Agricultural Marketing in India

UPSC Economy

Agriculture marketing refers to the service of moving an agriculture product from farm to consumer.

Objectives of Agricultural Marketing:

 

1. To enable farmers to get the best possible returns.
2. To provide facilities for selling the produce at an incentive price.
3. To make available all products of farm origin to consumers at a reasonable price.

Important platforms of agriculture marketing in the country are APMC mandis, which are regulated by state governments. The concept of APMC mandi can be traced from the APMC Act (Agricultural produce market committee) act 1950. It is compulsory for farmers to sell their produce only within these APMC mandis. State governments notify which agricultural commodity or livestock has to be sold by farmers within these mandis.

But the following important problems has been traditionally found in APMC mandis:-


1. High registration fee.
2. Monopoly of middlemen due to which farmers get a very minimum share of the price which is paid by consumers for agricultural products.
3. Paucity of APMC mandis in villages due to which farmers can not easily access such a market.


Because of these important problems, most farmers of India decide to sell their product in the local market outside APMC mandi at a very minimum price. Therefore we can conclude that the larger nature of agriculture marketing in India is informal.


In order to resolve problems of APMC mandis and to formalise agriculture marketing in India, parliament has passed model APMC  Act in 2003.

Model APMC Act 2013:


• Union government has prepared model APMC act in 2003.

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Provisions:-


• Under model act legal persons such as growers and local authorities were permitted to establish new market. According to older APMC law, only the state government could set up such market.
• There is no compulsion on growers to sell their produce through the existing market administered by APMC.
• Model APMC act 2003 makes provision for the consumer market to facilitate direct selling of commodities to the ultimate consumer by farmer.
• Model APMC act also presented a separate chapter on contract farming for promoting income of farmers and maintaining transparency.
• In pursuance of Model APMC act, Bihar and Maharashtra state governments has decided to abolish monopoly of APMC mandis in their own state.


E-NAM (Electronic National Agricultural Market):-


• It is the Pan India Electronic trading portal launched by the Ministry of Agriculture to facilitate farmers, buyers, etc. with a common platform where they can interact with each other. It was launched in 2005.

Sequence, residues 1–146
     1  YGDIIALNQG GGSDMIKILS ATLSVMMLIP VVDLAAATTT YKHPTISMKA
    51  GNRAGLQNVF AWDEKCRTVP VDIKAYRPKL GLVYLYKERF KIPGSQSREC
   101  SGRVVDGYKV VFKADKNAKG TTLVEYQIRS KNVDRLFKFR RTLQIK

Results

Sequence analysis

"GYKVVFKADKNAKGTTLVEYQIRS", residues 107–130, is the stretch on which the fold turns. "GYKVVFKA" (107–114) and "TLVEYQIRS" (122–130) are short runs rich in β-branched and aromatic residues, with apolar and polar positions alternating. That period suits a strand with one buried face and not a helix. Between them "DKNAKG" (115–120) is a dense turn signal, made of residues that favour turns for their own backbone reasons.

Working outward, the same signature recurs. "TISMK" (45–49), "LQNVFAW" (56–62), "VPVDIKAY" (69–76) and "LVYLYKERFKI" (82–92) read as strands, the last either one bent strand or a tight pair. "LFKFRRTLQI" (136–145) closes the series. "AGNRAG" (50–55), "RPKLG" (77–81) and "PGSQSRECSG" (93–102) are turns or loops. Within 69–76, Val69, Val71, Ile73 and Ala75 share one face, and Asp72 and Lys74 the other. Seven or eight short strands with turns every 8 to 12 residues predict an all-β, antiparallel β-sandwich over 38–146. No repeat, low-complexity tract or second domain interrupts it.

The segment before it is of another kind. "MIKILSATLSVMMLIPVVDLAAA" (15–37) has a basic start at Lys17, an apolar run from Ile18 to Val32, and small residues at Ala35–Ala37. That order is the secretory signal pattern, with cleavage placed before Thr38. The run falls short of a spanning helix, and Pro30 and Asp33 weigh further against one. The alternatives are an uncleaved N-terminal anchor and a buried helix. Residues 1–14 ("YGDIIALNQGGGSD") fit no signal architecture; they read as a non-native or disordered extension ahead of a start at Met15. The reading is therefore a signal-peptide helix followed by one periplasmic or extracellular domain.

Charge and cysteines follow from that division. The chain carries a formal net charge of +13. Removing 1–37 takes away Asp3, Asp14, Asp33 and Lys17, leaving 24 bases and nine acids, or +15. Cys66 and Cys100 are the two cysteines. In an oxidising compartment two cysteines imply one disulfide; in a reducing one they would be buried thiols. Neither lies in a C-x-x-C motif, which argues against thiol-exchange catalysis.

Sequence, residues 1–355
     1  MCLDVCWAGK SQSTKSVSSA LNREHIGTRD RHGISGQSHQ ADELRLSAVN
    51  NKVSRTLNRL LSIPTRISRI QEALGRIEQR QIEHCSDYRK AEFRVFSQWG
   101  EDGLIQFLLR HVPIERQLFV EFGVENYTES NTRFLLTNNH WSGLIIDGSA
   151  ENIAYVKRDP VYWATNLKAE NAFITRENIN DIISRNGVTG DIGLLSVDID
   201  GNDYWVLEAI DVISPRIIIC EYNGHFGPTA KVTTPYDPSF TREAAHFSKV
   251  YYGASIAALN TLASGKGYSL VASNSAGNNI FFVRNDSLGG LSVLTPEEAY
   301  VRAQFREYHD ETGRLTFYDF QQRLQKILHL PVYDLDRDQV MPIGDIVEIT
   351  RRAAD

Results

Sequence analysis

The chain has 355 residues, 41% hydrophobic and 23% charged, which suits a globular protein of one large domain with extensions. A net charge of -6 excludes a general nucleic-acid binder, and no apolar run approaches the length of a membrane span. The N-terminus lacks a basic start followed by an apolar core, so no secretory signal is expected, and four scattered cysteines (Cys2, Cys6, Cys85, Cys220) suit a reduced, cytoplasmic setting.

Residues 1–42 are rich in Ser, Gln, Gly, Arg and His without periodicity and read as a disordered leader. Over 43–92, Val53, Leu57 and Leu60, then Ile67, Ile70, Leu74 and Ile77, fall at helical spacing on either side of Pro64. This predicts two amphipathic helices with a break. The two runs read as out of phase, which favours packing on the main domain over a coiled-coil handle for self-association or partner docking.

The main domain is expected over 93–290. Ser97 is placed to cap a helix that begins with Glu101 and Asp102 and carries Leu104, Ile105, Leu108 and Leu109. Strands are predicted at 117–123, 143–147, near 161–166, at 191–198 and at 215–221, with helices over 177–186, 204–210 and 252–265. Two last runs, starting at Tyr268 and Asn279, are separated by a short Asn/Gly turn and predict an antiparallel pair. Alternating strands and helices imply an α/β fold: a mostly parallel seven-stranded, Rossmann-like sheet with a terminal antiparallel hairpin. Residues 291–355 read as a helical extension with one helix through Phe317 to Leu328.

Benefits of E-NAM:-


• e-NAM will provide Pan-India level common market where a farmer can get best price of his commodity. Earlier it was compulsion of farmer to sell commodities in local market which generally known as local mandis.


P.M Fasal Bima Yojana:


• Launched by the government in 2016 by replacing Rashtriya Krishi Bima Yojana (2000).
• In envisages a uniform premium of 2% to be paid by farmers of Kharif crops and 1.5% of Rabi crops.
• Premium for annual commercial/horticulture crop will be 5%.
• In this Bima Yojana post-harvest loss up to 15 days has also been covered.
• In 2017 central cabinet has approved a revenue insurance scheme for plantation crops in order to protect them from, loss of yield, pest attack, etc. (Plantation crops: sugarcane, Banana, Tobacco, Cotton, Jute, etc.)

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Agriculture extension:


• It means application of new knowledge and research to agriculture practice through farmer’s education.
• For example- Public Sector Agriculture extension
• First major initiative was taken by World Bank with the establishment of training and visit systems. Since then many states have set up T and V systems.
• In this context role of Indian Council for Agricultural Research (ICAR) is also instrumental which provided various vocational training course to famers.
• Establishment of Kisan Vigyan Kendra in many states. Agricultural extension services in India faced a new look with privatization and gradual reduction of government support from agriculture extending. However, after some time, another major initiative taken by the government was setting up an agriculture technology management agency in 1998.

Farmer Produce Organisation (FPO)-

• This is a group of farmers whose objective is to secure the interest of farmers in the agriculture market.
• Currently more than 4000 FPOs are working in country and in Union budget 2018-19 government
has decided to provide tax holiday for next 5 years in order to ensure their profit.

Probelm of Agriculture Marketing in India-


1. Improper storage facilities: FCI has always been criticized of not having enough storage facilities.
2. Lack of standardization of agricultural products.
3. Inadequate transport facilities.
4. Existence of chain of middlemen like trader, porter, whole seller, retailer between farmer and consumer.
5. Problem of Inflation in the retail agriculture market due to activities like hoarding.
6. Inadequate farm credit: Because of the lack of farm credit, farmers can’t prepare their own
storage facilities due to which soon after harvest they have to sell their prouct at any cost which is known as “forced sell”.

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Different types of farming-


1. Horticulture – Garden cultivation
2. Sericulture – Production of silk
3. Pissiculture – Rearing of fish
4. Viticulture – Cultivation of grapes